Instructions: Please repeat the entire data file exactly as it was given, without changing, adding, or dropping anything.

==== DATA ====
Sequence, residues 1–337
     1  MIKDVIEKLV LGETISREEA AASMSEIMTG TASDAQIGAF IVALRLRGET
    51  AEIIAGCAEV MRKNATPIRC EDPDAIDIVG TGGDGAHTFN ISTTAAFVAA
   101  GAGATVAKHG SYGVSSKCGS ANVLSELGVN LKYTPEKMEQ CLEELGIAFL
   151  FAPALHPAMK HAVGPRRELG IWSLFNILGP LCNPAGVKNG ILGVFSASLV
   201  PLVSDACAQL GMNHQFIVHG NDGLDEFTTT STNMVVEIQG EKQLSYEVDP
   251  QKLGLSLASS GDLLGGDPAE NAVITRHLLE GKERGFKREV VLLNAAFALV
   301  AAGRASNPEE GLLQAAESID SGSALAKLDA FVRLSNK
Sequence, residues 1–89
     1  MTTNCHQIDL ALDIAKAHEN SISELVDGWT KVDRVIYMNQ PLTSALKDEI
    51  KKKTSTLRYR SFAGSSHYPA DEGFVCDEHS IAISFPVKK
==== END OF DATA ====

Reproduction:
Sequence, residues 1–337
     1  MIKDVIEKLV LGETISREEA AASMSEIMTG TASDAQIGAF IVALRLRGET
    51  AEIIAGCAEV MRKNATPIRC EDPDAIDIVG TGGDGAHTFN ISTTAAFVAA
   101  GAGATVAKHG SYGVSSKCGS ANVLSELGVN LKYTPEKMEQ CLEELGIAFL
   151  FAPALHPAMK HAVGPRRELG IWSLFNILGP LCNPAGVKNG ILGVFSASLV
   201  PLVSDACAQL GMNHQFIVHG NDGLDEFTTT STNMVVEIQG EKQLSYEVDP
   251  QKLGLSLASS GDLLGGDPAE NAVITRHLLE GKERGFKREV VLLNAAFALV
   301  AAGRASNPEE GLLQAAESID SGSALAKLDA FVRLSNK
Sequence, residues 1–89
     1  MTTNCHQIDL ALDIAKAHEN SISELVDGWT KVDRVIYMNQ PLTSALKDEI
    51  KKKTSTLRYR SFAGSSHYPA DEGFVCDEHS IAISFPVKK